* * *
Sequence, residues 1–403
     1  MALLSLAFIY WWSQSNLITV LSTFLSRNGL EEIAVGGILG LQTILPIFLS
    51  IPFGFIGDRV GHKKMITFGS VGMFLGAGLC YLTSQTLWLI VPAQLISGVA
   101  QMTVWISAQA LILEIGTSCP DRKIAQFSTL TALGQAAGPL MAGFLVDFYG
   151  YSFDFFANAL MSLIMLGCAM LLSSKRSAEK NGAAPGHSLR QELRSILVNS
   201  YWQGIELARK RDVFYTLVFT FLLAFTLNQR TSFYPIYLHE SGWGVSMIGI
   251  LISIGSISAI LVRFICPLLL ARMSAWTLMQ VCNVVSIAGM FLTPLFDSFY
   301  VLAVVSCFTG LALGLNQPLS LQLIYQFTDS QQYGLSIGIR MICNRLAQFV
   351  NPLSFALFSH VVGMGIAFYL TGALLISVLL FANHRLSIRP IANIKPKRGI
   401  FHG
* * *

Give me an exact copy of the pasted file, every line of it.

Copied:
Sequence, residues 1–403
     1  MALLSLAFIY WWSQSNLITV LSTFLSRNGL EEIAVGGILG LQTILPIFLS
    51  IPFGFIGDRV GHKKMITFGS VGMFLGAGLC YLTSQTLWLI VPAQLISGVA
   101  QMTVWISAQA LILEIGTSCP DRKIAQFSTL TALGQAAGPL MAGFLVDFYG
   151  YSFDFFANAL MSLIMLGCAM LLSSKRSAEK NGAAPGHSLR QELRSILVNS
   201  YWQGIELARK RDVFYTLVFT FLLAFTLNQR TSFYPIYLHE SGWGVSMIGI
   251  LISIGSISAI LVRFICPLLL ARMSAWTLMQ VCNVVSIAGM FLTPLFDSFY
   301  VLAVVSCFTG LALGLNQPLS LQLIYQFTDS QQYGLSIGIR MICNRLAQFV
   351  NPLSFALFSH VVGMGIAFYL TGALLISVLL FANHRLSIRP IANIKPKRGI
   401  FHG